Since September 2014, the ten ASEAN countries have ratified the „dunst“ agreement. [2] Cross-border pollution has appeared annually in Southeast Asia, particularly in the southern countries of the region, Malaysia, Singapore and Indonesia. This has resulted in a large number of environmental, economic and health impacts. ASEAN has attempted to address this problem, including through the 2002 ASEAN Convention on Haze Cross-Border Pollution. The annual cross-border tide in Southeast Asia will continue if no regional solution is found. But the problem is that regional solutions under ASEAN are limited by the Bloc`s commitment to the ASEAN path. Not only does this hinder an effective regional response, but it is also difficult for each Member State to implement national legislation complementary to the ASEAN agreement. As long as this is the case, ASEAN Member States will not be inclined to take stronger action to address the root of the problem. In the case of duality, this means that Member States find it difficult to hold each other to account – and the companies concerned. Sovereignty issues, in particular, mean that it is not only difficult for Member States to take unilateral action against a foreign entity that engages in polluting activities on their territory; but it also complicates cooperation, as Member States retain the right to withhold the information necessary to prevent, monitor and mitigate the problem. In this sense, ASEAN`s guiding principles are, in many ways, at odds with an effective regional response to the cross-border tidal problem. The ASEAN agreement on cross-border haze pollution is a legally binding environmental agreement signed in 2002 by the member states of the Association of Southeast Asian Nations to reduce pollution in southeast Asia. [1] The agreement recognizes that cross-border pollution caused by forest fires and/or forest fires should be mitigated by a concerted national effort and international cooperation.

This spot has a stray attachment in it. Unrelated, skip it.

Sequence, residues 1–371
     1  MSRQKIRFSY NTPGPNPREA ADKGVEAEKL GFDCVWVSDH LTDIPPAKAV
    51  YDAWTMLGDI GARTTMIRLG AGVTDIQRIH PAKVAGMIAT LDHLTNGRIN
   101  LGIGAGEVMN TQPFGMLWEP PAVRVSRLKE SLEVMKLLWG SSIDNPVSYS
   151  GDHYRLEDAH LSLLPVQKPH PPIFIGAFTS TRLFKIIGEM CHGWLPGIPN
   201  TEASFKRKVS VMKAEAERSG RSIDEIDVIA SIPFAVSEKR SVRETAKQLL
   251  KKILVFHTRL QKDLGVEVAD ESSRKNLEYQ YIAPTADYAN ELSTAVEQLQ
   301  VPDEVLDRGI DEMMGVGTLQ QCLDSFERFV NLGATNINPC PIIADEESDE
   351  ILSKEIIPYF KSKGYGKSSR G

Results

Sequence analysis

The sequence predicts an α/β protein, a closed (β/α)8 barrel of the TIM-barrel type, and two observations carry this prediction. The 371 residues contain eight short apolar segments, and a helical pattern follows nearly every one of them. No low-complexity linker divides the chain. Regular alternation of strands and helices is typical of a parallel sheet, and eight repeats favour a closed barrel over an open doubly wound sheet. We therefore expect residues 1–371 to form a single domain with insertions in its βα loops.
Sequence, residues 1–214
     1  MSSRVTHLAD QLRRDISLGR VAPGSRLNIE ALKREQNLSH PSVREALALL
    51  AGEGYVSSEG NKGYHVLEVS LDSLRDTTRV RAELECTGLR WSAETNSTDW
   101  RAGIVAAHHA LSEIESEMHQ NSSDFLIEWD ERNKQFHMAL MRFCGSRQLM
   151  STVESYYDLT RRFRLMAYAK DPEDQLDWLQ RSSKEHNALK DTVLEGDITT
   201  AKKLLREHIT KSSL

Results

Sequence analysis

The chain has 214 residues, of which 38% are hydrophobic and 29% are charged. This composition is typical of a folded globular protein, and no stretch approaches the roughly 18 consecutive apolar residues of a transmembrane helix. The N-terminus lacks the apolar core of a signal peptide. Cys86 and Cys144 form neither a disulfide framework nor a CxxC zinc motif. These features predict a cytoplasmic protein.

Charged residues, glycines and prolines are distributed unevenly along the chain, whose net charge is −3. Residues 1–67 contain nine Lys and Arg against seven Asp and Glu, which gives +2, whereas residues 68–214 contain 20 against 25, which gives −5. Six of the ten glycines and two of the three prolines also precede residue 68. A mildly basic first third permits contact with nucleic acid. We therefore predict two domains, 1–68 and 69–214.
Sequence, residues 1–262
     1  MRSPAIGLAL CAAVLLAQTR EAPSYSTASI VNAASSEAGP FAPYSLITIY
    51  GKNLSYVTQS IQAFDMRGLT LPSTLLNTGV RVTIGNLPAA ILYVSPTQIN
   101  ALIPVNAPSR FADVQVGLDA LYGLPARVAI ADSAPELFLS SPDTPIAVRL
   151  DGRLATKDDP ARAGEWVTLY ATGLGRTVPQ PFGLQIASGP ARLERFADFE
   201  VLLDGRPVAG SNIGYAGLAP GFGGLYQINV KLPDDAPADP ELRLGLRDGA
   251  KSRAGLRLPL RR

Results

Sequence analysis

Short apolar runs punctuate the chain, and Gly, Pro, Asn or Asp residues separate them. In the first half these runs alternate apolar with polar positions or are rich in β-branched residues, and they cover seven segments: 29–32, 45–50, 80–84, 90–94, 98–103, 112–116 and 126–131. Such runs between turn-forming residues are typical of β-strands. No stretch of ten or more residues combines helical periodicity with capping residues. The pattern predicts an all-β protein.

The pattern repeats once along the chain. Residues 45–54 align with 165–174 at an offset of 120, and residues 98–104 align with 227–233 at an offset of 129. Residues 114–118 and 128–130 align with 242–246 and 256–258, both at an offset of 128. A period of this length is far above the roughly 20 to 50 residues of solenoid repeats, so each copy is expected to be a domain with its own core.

The formal procedure or system of rules that characterizes this agreement is the „ASEAN way“ of regional norms and codes characterized by principles of non-interference, consultation, consensus, silent diplomacy, symbolism and organizational minimalism. [7] The agreement is a response to an environmental crisis that hit Southeast Asia in the late 1990s. The crisis was caused mainly by the grubbing up of agricultural land by open combustion islets on the island of Sumatra, Indonesia. Satellite images confirmed the presence of hotspots in Kalimantan/Borneo, Sumatra, the Malay Peninsula and other locations, where an estimated 45,000 square kilometres of forest and land were burned. [3] Malaysia, Singapore and, to some extent, Thailand and Brunei were particularly hard hit. On 10 June 2002, the governments of the ten ASEAN member states signed the ASEAN Haze Cross-Border Pollution Agreement in Kuala Lumpur, Malaysia.